Example of a BAD Addendum: “I was born with cerebral palsy. As a child, I used to walk with crutches and a leg brace, and the kids at school would make fun of me, but with the support of my parents, I continued to excel in school and in college. Cerebral palsy is a non-contagious motor condition that has affected my muscle control over my jaw, arms, and legs. It also affects the way I move my head and occasionally, my face can twitch. This can make it hard for me to breathe; talk clearly; and bite, chew and swallow food. I cannot drive a car or operate heavy machinery because of my coordination problems. Because of this condition I think that my LSAT score should be at least 5 points higher, as my prelaw counselor never helped me get accommodations for testing.”
If any part of your addendum looks like the example above, rewrite it! While it lists the specific diagnosis, which is helpful, it also includes too much medical detail and it is unclear which symptoms really relate to the problem. A problem which isn’t identified until the last sentence – this is apparently a “bad LSAT score” addendum. This example also includes a bid for pity (kids made fun of me), blames someone else (the counselor never helped me), and – and this is subtler – gives credit for the applicant’s past success to help from their parents. The admissions officer wants to admit someone who is independently capable of achieving success, so you want to be careful about inserting information that might be read as taking away from what you have accomplished. Finally, making any sort of unsubstantiated claim about what your score “should be” is unlikely to be believed. You might say that the lack of accommodation affected your score negatively, but no one can say that they know by how much. Being objective about your own disability – and about your own writing – can be very difficult, but it is very important that you get the tone and substance of this addendum right. Definitely worth getting a second opinion from a friend before you submit the addendum in order to make sure it conveys only the message you intend.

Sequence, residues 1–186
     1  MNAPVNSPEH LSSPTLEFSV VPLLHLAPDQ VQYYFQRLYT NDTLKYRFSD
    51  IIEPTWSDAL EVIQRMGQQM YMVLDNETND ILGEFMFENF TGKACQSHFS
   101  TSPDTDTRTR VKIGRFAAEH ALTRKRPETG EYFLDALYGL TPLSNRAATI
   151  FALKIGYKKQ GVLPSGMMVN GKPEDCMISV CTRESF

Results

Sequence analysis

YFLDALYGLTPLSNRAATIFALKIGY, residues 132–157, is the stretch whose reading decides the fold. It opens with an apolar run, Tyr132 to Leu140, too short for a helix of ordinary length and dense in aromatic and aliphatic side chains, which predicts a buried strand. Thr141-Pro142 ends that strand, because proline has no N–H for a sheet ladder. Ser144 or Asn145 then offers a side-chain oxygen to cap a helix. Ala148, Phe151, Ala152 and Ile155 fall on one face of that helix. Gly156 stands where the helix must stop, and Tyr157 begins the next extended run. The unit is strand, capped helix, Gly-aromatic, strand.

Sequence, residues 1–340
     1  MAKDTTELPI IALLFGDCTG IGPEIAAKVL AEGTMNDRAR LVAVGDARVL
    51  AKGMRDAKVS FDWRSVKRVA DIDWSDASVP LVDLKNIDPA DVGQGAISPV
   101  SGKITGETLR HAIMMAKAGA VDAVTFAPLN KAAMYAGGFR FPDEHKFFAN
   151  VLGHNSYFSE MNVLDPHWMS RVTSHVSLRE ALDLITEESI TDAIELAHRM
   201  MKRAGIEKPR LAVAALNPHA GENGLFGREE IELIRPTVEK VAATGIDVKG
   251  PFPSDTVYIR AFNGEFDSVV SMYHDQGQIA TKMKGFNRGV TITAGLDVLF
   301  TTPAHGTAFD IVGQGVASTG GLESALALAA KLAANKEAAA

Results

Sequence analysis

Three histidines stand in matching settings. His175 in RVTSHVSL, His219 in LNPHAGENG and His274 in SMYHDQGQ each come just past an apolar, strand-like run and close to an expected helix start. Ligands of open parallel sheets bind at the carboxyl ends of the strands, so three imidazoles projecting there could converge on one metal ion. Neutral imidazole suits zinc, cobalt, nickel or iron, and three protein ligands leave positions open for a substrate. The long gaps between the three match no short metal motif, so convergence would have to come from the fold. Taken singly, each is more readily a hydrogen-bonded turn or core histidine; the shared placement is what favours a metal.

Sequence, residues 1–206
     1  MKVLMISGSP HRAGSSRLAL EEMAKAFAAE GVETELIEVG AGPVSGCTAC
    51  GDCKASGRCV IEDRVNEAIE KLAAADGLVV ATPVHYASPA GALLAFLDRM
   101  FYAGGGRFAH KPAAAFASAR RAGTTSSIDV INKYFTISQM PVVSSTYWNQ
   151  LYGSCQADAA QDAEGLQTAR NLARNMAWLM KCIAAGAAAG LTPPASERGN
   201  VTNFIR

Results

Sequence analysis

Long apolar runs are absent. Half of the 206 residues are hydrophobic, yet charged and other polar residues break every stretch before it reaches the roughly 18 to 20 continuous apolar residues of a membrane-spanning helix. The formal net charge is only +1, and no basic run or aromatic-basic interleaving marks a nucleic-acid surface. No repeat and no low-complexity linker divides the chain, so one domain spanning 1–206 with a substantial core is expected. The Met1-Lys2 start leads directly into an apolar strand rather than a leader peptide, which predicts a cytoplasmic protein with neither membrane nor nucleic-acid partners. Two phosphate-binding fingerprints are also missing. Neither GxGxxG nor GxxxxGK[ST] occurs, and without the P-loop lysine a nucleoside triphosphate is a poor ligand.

Example of a GOOD Addendum: “My second semester of college, I was diagnosed with rheumatoid arthritis. As a result of that illness, I missed four weeks of class, which negatively impacted my grades for that semester. However, I found appropriate treatment, have not had any further attendance problems, and my grades bounced back to their normal high level the following term, as you can see by my transcript. Medical documentation available upon request.”
The good example is short, to the point, as neutrally phrased as possible, and whining free. Ending with the phrase “Medical documentation available upon request,” makes it clear that you are not making this up and that you can provide proof if they need it. However, it is very rare that it will be requested as long as your explanation matches up with the hard facts they can already see in your transcript and application.